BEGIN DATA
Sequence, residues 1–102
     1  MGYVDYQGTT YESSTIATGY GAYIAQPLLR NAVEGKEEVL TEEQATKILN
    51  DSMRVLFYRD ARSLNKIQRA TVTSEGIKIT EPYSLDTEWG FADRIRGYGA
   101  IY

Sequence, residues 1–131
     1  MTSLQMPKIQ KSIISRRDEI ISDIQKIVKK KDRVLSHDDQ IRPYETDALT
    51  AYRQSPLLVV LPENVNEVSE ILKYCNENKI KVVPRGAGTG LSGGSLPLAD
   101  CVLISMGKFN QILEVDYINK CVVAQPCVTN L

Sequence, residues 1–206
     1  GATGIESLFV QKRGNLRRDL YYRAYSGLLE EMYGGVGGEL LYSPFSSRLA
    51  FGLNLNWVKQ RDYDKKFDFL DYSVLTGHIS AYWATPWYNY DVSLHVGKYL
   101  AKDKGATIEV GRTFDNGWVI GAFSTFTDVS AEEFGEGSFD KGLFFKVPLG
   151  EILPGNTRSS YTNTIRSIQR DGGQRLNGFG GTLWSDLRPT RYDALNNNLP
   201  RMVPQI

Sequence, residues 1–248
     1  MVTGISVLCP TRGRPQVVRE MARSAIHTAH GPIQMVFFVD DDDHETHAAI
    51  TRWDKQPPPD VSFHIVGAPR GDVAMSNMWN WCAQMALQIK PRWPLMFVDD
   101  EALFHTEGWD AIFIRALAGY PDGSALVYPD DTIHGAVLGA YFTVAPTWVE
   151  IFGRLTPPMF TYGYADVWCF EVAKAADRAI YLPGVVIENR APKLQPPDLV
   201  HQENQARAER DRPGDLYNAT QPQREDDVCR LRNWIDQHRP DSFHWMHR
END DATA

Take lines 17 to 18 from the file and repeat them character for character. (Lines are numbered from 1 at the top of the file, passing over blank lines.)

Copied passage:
    51  TRWDKQPPPD VSFHIVGAPR GDVAMSNMWN WCAQMALQIK PRWPLMFVDD
   101  EALFHTEGWD AIFIRALAGY PDGSALVYPD DTIHGAVLGA YFTVAPTWVE